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“Will you remain a virgin until you’re married? That’s what disciples do.”
“Will you agree that dating is bad and that courtship is better? That’s what disciples do.”
Sex - Problem—you
“You had sex already? No problem—you can become a secondary-virgin and agree to never lust again. That’s what disciples do.”
Of course, shortcuts sometimes end in brick walls. They seem to work, until they don’t. Along the way, our box-checking mentality left us vulnerable to some bad sales pitches—like 21-year old author Joshua Harris’ book I Kissed Dating Goodbye. Harris gave us everything we wanted to hear: an extreme approach to romantic relationships can wipe out the moral ambiguity that has crept into our culture, and with one checked box we can simplify our message to teenagers. The book’s skyrocketing sales gave us all the credibility we needed. But lurking in the shadows was a kind of spiritual dysfunction—like the people of God throughout history, we prefer the “lesser gods” of disciplined moral commitments to an intimate, dependent relationship with Jesus. Now Harris has made headlines after (very publicly) recanting his faith and trashing the foundational premise of his book. In a 2017 Ted Talk, Harris offers a disturbing mea culpa:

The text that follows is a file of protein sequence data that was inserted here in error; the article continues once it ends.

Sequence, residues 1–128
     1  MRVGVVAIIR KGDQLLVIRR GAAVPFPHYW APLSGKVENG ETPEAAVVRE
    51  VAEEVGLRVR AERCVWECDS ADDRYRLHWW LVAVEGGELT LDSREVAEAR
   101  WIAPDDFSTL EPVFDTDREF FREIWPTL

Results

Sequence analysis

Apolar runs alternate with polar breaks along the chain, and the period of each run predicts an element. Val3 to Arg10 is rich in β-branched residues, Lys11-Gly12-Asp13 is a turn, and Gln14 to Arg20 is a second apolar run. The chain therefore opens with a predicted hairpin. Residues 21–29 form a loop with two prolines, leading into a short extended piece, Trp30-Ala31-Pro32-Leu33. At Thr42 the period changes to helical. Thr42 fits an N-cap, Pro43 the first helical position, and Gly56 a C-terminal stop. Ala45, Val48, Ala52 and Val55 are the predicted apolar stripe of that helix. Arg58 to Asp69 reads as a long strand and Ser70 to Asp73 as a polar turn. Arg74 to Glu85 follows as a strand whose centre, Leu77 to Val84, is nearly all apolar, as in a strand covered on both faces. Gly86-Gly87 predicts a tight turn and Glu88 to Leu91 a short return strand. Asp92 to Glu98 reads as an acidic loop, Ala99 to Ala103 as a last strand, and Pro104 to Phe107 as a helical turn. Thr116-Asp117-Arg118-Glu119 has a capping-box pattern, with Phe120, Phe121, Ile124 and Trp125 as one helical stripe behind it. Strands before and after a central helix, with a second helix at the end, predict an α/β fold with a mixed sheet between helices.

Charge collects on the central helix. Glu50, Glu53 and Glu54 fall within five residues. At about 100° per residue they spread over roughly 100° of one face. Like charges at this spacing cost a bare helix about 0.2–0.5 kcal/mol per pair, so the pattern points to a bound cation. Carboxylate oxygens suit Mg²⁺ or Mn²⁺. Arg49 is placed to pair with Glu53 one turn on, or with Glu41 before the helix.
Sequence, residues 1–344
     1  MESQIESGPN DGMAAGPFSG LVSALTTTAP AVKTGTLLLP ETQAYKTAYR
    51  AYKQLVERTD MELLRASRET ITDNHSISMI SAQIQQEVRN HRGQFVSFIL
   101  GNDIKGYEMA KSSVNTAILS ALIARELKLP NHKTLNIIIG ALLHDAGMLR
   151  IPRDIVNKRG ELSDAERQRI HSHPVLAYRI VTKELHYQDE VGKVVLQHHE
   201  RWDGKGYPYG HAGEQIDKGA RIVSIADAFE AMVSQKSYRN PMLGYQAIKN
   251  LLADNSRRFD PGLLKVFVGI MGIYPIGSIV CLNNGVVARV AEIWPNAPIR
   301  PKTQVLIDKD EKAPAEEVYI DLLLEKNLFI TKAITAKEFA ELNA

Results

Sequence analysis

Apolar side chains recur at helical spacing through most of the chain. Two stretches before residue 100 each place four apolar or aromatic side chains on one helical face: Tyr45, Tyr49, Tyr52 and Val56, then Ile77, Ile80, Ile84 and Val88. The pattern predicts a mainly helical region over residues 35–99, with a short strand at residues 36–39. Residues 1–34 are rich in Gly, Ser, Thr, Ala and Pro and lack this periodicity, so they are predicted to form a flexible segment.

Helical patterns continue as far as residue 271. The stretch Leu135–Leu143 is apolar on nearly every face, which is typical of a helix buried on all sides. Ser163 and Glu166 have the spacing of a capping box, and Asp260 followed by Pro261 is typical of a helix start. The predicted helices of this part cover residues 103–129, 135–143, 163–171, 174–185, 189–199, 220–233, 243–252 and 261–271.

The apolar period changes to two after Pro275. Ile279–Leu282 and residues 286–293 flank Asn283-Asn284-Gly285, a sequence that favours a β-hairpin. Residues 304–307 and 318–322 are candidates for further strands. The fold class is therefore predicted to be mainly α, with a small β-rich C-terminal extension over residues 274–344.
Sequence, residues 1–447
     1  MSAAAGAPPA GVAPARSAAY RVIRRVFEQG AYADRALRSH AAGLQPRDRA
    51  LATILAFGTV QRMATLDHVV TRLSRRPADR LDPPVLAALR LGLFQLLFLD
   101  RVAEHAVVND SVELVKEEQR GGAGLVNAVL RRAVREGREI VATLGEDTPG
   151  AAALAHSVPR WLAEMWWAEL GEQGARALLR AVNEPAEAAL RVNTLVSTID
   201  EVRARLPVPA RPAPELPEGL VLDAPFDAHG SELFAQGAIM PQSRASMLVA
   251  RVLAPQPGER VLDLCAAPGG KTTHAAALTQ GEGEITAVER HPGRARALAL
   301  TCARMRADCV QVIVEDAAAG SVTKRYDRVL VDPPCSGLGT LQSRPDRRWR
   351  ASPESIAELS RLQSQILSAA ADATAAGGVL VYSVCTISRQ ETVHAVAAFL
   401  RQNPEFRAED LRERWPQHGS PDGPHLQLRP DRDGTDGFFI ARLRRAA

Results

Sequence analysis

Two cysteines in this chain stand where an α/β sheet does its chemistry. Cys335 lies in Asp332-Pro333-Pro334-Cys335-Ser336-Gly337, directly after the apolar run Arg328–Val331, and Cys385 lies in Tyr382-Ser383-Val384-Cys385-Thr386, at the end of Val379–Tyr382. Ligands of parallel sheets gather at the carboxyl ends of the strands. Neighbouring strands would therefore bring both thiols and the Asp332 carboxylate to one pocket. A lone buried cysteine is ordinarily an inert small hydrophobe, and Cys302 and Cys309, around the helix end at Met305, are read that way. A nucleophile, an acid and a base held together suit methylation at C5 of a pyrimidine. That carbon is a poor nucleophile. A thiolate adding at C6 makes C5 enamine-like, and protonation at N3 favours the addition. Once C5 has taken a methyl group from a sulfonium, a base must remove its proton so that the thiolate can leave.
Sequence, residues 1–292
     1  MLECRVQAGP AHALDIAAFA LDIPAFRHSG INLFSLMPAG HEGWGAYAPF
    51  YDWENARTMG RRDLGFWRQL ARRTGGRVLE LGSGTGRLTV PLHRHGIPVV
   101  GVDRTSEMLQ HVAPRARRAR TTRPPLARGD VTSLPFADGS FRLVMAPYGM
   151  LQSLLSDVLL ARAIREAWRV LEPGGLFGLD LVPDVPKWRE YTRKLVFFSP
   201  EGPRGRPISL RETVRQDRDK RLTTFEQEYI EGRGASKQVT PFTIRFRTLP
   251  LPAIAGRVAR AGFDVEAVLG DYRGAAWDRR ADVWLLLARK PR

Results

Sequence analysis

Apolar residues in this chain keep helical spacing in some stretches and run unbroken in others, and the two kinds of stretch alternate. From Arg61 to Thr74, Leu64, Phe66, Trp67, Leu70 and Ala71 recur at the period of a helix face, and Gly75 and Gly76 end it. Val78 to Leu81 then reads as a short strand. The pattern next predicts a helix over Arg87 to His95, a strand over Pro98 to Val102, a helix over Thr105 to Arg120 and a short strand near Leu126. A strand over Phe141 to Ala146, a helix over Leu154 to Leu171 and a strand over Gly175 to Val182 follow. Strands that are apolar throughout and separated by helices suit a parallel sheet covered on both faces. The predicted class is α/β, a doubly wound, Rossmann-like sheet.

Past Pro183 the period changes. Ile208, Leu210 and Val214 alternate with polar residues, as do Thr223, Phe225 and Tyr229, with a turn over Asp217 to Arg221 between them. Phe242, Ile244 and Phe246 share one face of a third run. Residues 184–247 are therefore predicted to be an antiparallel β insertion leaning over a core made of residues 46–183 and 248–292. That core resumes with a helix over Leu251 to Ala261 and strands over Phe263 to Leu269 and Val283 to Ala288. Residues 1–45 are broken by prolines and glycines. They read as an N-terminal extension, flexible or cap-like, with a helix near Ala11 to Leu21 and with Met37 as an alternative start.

Impression - Formula - Thing - Lot - Fear
“I was religiously zealous, I was certain, and I was restlessly ambitious… I gave the impression that there was really one formula that you could follow… but probably the thing that I regret the most is that there was a lot of fear inside of me that I transferred into my writing, and fear is never a good motive: fear of messing up, fear of getting your heart broken, fear of hurting somebody else… fear of sex.”
Teenagers want to fit in. They walk into our youth room wondering, “How do I connect here without looking odd?” How many kids signed purity pledge cards simply...
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